Fortunately, I was still counting when the door opened again and Andy came in alone. I learned later that he was wearing a respirator to protect himself from the fumes. Smart of him. I only had to wait a little longer for fresh air as Andy made short work of dissembling the tent, opening up all the doors and windows of the shop, and turning on several fans. My brain cleared immediately. Whoosh. That was really close.
After opening the shop up and turning on the fans, Andy left the building again. Have I mentioned that it is the end of December in Montana? My t-shirt and ankle socks had been fine when I was furiously sanding dragon legs with the doors closed and the heat on, but the longer the shop aired out, the more insufficient my attire proved. It was getting downright chilly in there.
Andy returned a bit later, this time with the clients. He apologized for the lingering odor and they all began to examine the table and discuss it. Overall, they were pleased, very pleased, so that was good. I smiled to myself in the darkness; I likely wouldn't have to bust in there and straighten them out. Remember when I said they can obsess about tiny details, however? Yes, they did that. For a long time. Again, I have no idea of how long, but it felt like forever. I thought about reaching for the pitcher of water again, but was afraid I'd get another mouthful of sawdust and choke or cough. I just waited. And I shivered. I could see in the faint reflection of a window that the clients were wearing their coats. Andy was just in a t-shirt, but he was running on adrenaline and had been busy the whole time. I was the only one thoroughly chilled.
As they gradually began to wind down their very lengthy conversation, I had one final Lucy moment. Andy would likely walk them out to their car and then just keep going toward the house. My growling stomach told me it was past our standard dinner time and Andy wouldn't have any reason to return to the shop right away. No, he would go in to eat and notice my spot at the table was empty. I, however, wouldn't be able to follow him until the clients had left the driveway and driven on down our road, as it crosses back in front of the shop and the path between the shop and house are lit up by a motion-sensor light. I was stuck until they were out of sight.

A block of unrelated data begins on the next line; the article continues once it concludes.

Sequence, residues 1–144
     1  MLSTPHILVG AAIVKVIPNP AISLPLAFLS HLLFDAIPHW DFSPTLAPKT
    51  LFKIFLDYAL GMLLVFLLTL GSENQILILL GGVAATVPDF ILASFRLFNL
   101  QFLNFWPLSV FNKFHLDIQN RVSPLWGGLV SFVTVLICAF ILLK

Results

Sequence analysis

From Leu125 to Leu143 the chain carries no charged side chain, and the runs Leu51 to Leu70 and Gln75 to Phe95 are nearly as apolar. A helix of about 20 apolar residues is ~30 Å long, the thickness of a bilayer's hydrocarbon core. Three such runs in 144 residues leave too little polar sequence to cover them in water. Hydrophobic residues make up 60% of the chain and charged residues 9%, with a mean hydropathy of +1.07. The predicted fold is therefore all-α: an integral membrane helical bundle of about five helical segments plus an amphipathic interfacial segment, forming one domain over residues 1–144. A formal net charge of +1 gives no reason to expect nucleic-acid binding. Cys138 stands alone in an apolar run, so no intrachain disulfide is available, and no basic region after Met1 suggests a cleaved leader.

Sure enough. Andy went directly to the house without me. I'm sure everyone was a little confused when he asked where I was and no one knew, all of them assuming I was with him. By the time the clients were out of sight and I could gather up my pitcher and cups and head toward the house, he was coming back outside. He called to me from the deck.
"Have you been in the shop the whole time?"
"Yes," I replied sheepishly.
"Were you hiding?"
"In the stairwell."
"Why?" We were both on the porch smiling by now.
"So I could jump out and give them a piece of my mind if they had anything negative to say about you!" I assumed a fighter's stance. "I was watching your back."
He shook his head in disbelief and we laughed together, entering the house arm in arm.